To demonstrate their preference for a universal standard rather than multiple ones, industrial leaders have testified before Congress in support of federal climate change legislation. Speaking on behalf of the American Petroleum Institute (API)—which represents over 400 corporate members of the oil and gas industry—before the Energy and Air Quality Subcommittee of the House Energy and Commerce Committee, John Felmy reported “API believes it is important to address global climate change and manage greenhouse gas emissions. We are committed to working with members of Congress on policies that are environmentally effective, economically sustainable and fair.” Speaking on behalf of American Electric Power (AEP)—an electricity generator with over five million customers in eleven states—Michael Morris testified that “AEP supports the adoption of an economy-wide cap-and-trade type GHG reduction program that is well thought-out, achievable, and reasonable.”
Furthermore, as industry representatives testify, constituents are calling congressional offices to state their support for climate change legislation. For example, in a June House hearing on legislative proposals to reduce greenhouse gas emissions, Darlene Hooley (D-OR) reported her constituents are urging her to take action now, saying that they want Congress to do something about climate change. An ABC News/Planet Green/Stanford University poll conducted in late June 2008 found that 61% of adults polled believed the federal government should do more to try to reduce global warming.
Now, however, there is less public support for government action on climate change than there was a few years ago: in 2006, 68% of those polled said the government should do more to try to reduce global warming, and in 2007, 70% expressed that opinion. Voters are fickle, and any directives they have for Congress are now being influenced by the harder-hitting issues of high energy prices and an economy in a downturn. Despite believing the federal government should move on climate legislation, the public is largely unwilling to pay more for energy. Anticipating high gas prices, a majority (54%) of respondents in a May 2008 Gallup poll said they were in favor of suspending the relatively small federal gas tax for the summer. When gas did, indeed, soar above $4 per gallon, constituents contacted their legislators and demanded relief.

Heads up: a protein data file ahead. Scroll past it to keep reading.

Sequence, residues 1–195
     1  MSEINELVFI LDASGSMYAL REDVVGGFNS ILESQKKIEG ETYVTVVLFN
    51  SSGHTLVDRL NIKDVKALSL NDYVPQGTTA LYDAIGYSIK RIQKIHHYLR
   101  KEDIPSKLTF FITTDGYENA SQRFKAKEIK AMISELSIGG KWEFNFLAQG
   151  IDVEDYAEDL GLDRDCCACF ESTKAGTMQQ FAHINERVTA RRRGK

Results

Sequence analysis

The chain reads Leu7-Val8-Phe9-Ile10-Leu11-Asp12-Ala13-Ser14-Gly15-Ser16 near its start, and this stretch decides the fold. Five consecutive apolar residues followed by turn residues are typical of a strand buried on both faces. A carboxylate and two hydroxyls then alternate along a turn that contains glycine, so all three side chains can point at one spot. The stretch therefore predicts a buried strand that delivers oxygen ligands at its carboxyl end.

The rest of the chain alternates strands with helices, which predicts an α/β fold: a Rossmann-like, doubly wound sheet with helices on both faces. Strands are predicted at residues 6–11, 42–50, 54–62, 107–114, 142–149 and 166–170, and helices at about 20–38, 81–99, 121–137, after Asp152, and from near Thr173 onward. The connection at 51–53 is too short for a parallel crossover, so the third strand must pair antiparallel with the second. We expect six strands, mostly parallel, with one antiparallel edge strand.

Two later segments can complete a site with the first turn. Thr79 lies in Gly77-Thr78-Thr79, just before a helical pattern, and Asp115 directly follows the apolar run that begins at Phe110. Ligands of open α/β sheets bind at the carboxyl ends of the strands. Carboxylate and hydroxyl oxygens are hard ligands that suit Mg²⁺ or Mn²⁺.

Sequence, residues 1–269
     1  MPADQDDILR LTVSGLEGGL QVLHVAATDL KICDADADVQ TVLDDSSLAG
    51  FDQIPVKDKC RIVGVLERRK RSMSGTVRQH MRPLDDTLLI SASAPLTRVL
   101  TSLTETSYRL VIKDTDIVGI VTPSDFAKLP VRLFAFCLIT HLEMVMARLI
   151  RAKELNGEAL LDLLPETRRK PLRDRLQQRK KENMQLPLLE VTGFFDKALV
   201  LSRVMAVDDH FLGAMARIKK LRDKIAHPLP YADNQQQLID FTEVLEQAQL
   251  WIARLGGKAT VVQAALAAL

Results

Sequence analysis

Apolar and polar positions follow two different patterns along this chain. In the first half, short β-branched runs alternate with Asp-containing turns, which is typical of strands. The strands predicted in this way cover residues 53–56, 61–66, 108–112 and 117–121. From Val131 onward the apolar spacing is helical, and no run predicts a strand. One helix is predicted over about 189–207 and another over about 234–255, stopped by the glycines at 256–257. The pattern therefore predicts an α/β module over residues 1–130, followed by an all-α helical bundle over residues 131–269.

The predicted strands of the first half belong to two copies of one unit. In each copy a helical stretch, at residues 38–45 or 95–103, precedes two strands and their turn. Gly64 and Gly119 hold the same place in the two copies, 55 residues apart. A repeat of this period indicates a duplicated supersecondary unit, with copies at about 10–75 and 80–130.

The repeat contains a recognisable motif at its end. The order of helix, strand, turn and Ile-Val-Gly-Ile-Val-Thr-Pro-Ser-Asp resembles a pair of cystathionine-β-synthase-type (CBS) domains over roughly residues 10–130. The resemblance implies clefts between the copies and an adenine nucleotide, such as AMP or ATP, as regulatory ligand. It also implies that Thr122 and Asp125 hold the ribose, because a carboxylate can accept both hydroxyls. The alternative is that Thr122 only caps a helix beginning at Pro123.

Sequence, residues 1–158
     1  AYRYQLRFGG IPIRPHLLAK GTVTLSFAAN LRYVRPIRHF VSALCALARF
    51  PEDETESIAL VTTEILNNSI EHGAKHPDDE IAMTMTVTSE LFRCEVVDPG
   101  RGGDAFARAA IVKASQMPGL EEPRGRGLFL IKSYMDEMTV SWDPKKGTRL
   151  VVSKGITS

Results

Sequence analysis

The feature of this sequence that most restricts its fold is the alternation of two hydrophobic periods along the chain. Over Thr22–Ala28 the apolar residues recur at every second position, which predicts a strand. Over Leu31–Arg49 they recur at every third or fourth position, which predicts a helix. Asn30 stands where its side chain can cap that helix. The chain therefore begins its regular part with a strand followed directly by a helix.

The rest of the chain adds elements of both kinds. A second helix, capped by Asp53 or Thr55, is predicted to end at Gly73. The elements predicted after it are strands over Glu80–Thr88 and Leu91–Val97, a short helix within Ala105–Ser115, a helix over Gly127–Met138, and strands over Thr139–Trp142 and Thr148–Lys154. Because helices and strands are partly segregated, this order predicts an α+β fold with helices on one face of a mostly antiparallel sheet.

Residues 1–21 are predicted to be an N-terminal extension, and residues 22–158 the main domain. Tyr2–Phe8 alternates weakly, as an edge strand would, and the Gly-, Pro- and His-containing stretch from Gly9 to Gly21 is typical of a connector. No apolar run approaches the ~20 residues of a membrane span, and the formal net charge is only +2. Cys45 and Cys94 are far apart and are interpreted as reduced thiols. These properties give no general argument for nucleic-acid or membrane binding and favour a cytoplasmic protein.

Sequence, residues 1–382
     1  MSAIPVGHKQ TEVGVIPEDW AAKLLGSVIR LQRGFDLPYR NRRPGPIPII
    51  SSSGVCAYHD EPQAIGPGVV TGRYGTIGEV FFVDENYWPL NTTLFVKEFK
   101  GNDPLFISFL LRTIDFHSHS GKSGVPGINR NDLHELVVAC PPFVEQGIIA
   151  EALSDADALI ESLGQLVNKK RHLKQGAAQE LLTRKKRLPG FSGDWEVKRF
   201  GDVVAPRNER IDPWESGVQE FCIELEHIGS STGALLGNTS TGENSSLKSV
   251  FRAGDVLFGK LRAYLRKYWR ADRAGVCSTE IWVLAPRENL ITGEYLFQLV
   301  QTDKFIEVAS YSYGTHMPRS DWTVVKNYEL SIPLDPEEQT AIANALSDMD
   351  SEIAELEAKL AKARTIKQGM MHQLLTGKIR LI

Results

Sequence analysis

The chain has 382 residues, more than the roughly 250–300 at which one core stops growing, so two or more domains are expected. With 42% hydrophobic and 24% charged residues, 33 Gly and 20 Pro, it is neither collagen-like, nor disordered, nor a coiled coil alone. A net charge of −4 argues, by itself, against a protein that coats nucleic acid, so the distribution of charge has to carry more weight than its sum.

Any climate change legislation, though, would raise energy prices via a price on carbon. Some people are of the belief that “when it comes to climate change, it’s either pay some now or pay a lot later,” and some are willing to pay more for clean energy. But perhaps the greatest hurdle for climate change legislation, if it’s debated again next Congress, will be the hurdle of energy price increases.
The 110th Congress spent a significant amount of time and energy on climate change legislation even though major action is unlikely to be completed before this Congress adjourns. Besides a closely divided Congress and debate about the best approach to mitigating climate change, the rise in gasoline prices has added an additional bottleneck to resolution.
Even so, the next Congress is expected to act on climate change. Both presumptive presidential nominees favor some action on climate change (both Obama and McCain support cap and trade) and will work with Congress to get legislation passed. Likewise, the American public and stakeholders in the public and private sector favor some action by their legislators. There is still a lot of speculation, however, as to when climate change legislation will be enacted and what the constituent parts of the final bill will be. Undoubtedly, for any climate change legislation to pass, there will be compromises on both sides of the aisle and from all sides of the issue, and compromise is not always easy to forecast.
This article is reprinted with permission from The Professional Geologist, published by the American Institute of Professional Geologists. AGI gratefully acknowledges that permission.
Please send any comments or requests for information to the AGI Government Affairs Program.
Posted February 9, 2009
|Information Services |||Geoscience Education |||Public Policy |||Environmental|
|Publications |||Workforce |||AGI Events|